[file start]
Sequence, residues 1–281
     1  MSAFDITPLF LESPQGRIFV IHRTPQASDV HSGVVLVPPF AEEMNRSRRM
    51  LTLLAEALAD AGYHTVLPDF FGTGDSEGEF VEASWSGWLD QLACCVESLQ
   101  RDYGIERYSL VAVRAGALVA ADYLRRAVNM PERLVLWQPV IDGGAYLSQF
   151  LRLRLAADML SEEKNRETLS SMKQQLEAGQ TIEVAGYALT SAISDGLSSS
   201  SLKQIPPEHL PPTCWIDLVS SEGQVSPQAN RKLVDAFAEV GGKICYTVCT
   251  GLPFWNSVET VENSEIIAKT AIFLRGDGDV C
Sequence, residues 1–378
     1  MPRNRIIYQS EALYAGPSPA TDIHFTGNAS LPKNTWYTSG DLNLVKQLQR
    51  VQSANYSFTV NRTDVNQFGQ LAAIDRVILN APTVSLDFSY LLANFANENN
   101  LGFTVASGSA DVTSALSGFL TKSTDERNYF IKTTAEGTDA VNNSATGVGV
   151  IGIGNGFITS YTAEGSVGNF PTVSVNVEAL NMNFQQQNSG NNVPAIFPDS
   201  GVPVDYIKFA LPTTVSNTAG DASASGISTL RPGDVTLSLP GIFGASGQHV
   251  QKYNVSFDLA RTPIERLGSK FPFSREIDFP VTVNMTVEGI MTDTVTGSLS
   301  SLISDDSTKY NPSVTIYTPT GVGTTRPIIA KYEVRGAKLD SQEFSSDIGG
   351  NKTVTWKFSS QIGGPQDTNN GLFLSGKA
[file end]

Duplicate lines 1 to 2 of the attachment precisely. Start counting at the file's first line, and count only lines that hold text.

Sequence, residues 1–281
     1  MSAFDITPLF LESPQGRIFV IHRTPQASDV HSGVVLVPPF AEEMNRSRRM